aka: How to sell yourself short and screw all hope of proving your real value.
As promised, I said I’d share some of the lessons I learned in launching Rribbitz. For this first installment, let’s look at one of the “brilliant” ideas I had when it came to getting new business. Go ahead, judge me. That’s what I’m here for. But even more… post your own questions, comments, and lessons — we’ll all be better for it in the long run.
Offering my services at fire-sale prices for an introductory period. The goal? To convince a reluctant client of my amazing value and eventually sign them on at the full rate.
The reality of my brilliant idea:
Nice try, self. I ended up giving my services away when I could have been chasing down paying work. And the worst part? I soon realized that paying clients came first when it came to allocating my talents and energy for the day — and that reduced-rate client I was trying so hard to impress? Really wasn’t getting the best of my talent or attention in the long run. So ultimately, I shot myself in the foot. Twice.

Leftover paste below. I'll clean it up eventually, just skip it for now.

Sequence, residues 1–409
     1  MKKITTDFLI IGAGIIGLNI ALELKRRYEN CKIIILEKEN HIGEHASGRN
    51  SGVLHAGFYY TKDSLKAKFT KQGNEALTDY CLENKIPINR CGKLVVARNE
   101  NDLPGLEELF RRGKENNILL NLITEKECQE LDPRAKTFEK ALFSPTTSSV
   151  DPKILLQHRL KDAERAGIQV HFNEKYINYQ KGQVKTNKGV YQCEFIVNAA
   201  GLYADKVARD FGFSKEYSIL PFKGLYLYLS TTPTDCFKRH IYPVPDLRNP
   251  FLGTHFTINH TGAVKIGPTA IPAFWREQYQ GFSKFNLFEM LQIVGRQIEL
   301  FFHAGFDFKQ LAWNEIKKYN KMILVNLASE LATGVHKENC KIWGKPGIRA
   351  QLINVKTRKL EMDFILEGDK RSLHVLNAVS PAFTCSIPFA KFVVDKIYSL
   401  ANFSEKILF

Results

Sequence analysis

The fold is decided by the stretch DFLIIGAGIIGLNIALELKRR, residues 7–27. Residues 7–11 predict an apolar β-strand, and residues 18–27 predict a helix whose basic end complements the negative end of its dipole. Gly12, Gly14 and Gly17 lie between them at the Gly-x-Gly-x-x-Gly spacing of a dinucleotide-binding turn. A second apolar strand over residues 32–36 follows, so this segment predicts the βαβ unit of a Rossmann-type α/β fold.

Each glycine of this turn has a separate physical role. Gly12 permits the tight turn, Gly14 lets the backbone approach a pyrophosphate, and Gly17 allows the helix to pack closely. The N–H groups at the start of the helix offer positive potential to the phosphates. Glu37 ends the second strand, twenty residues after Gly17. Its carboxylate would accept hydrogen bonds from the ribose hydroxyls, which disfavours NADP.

Lessons from the brilliant idea:
If you sell yourself short, you’ll pay for it one way or another. By losing money, delivering a lesser product or service, and by showing the client that you’re happy to be a bargain. Let’s hear that [BOOOOOOOOOOOOOOOOOO] again.
Go for what you’re worth – and when you find a client who enthusiastically agrees with you, the motivation to keep that client happy and do your best work will feed your soul, your business, and the end result.
Without making you feel like you sacrificed something to get there.
When a client wants to break up with you…. what it really means. And how to use the experience as another springboard.